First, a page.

CBP One is an application developed by Customs and Border Protection (CBP) to control the flow of immigrants into the United States. With this, dozens of Cubans arrive in the country every day after applying for an asylum interview.
In this sense, there are many recipients of Form I-94. This form appears as an entry-exit record for foreign visitors entering the country for reasons other than permanent immigration.
Immigration officials then issue this form to those arriving by air, land or sea indicating the status and duration of their authorized stay.
It’s no secret that thousands of Cubans are currently seeking asylum, but this instrument registers admission to the United States under certain conditions.
For its part, the I-94 does not grant immigration status, but rather documents the immigrant’s entry and their conditions.
In the case of asylum seekers, the outcome of their claim will determine their status in the country. Although credible fear interviewing is more common here.
But what happens to the Cubans?
Valid for two to three years, Cubans are issued an I-94. That is, at that time they can apply for a work permit with the same duration.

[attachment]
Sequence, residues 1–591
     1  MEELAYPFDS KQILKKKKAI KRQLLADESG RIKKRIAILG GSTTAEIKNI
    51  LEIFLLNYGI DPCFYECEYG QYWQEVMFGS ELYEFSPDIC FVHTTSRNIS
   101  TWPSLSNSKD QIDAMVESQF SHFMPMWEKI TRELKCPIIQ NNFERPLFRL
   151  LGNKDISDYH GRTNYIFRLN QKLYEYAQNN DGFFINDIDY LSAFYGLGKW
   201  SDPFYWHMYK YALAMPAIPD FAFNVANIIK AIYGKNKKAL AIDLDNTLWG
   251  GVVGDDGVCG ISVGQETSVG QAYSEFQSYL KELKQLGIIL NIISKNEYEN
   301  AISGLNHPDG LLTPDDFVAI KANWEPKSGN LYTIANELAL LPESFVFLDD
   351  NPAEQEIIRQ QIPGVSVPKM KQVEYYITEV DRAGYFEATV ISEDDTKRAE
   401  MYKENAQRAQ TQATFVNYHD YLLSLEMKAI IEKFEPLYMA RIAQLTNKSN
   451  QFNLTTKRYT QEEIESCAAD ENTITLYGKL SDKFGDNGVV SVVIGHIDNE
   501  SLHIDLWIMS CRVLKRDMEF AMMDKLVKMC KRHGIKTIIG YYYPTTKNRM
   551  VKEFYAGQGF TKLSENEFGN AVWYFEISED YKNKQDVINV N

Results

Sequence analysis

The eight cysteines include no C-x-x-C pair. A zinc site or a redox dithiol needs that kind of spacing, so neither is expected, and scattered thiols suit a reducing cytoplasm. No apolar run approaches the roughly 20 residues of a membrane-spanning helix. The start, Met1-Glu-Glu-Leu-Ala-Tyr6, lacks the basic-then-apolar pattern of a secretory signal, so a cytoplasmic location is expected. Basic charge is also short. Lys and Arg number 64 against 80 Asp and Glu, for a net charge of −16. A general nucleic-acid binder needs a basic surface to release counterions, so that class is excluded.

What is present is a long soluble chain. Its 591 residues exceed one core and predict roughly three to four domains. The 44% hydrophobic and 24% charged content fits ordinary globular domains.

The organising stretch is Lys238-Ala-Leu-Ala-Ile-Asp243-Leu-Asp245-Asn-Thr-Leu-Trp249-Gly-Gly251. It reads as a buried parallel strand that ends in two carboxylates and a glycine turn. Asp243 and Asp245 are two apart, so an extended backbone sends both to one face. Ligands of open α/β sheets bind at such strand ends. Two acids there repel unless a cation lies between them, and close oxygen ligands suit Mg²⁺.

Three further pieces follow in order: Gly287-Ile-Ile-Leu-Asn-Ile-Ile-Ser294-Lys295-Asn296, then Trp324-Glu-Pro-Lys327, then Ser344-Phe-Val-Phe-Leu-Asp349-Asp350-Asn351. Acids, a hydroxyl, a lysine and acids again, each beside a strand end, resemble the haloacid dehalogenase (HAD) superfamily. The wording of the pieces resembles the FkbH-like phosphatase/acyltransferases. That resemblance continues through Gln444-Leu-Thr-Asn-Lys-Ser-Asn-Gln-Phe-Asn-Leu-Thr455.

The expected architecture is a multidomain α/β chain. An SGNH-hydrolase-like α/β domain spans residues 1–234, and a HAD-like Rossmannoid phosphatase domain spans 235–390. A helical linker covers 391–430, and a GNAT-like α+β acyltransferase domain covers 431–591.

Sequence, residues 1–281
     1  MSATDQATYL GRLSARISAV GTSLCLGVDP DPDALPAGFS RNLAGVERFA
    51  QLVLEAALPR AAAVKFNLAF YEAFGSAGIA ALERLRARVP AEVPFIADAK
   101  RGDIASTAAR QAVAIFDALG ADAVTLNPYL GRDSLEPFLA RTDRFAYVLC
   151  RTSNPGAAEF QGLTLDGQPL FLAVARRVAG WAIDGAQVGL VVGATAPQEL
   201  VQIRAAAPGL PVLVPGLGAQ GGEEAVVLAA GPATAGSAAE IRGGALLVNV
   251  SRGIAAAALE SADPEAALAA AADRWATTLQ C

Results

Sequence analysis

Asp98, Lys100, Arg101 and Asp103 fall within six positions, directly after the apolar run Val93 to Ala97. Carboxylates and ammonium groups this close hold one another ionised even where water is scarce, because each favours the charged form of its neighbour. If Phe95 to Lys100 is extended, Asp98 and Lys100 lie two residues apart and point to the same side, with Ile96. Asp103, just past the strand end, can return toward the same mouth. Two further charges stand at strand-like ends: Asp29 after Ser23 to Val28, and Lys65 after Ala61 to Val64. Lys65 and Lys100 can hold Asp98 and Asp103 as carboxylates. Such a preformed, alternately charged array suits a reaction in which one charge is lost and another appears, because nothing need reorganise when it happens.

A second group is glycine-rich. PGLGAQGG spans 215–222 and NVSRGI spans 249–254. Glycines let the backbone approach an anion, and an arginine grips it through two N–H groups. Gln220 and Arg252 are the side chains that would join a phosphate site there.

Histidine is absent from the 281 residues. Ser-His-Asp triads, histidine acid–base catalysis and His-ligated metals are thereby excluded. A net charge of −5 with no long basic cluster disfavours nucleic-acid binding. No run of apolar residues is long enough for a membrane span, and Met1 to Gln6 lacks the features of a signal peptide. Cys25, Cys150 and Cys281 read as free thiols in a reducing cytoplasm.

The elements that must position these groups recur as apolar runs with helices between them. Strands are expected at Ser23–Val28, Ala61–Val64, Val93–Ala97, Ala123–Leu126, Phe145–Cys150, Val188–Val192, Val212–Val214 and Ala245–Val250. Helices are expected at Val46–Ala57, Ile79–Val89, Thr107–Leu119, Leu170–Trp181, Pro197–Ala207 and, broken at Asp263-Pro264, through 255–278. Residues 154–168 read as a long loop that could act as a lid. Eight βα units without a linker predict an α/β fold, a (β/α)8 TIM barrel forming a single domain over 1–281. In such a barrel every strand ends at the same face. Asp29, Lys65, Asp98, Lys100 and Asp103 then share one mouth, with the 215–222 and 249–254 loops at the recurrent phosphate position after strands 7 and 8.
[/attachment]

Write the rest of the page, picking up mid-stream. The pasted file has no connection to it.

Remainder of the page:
Additionally, after one year and one day in the United States, they can change their immigration status through the Cuban Adjustment Act.
But it must be clarified that getting NTA (Notice to Appear) or court date does not mean immediate judicial process.
Therefore, by keeping this date, it can be sought to be closed if a way to remedy the situation is shown outside the judiciary. Finally, upon obtaining residency, a motion must be submitted to complete the court process.
Obviously, we are talking about a specific process for Cubans, because for other foreigners, the context changes.
That is, immigrants from other countries without the benefit of adjustment laws have the option to seek asylum within the first year of their arrival.
However, there is a common recommendation for all applicants irrespective of their nationality. It’s about being informed and following the appropriate procedures to ensure your stay and future in the United States.
“Music ninja. Analyst. Typical coffee lover. Travel evangelist. Proud explorer.”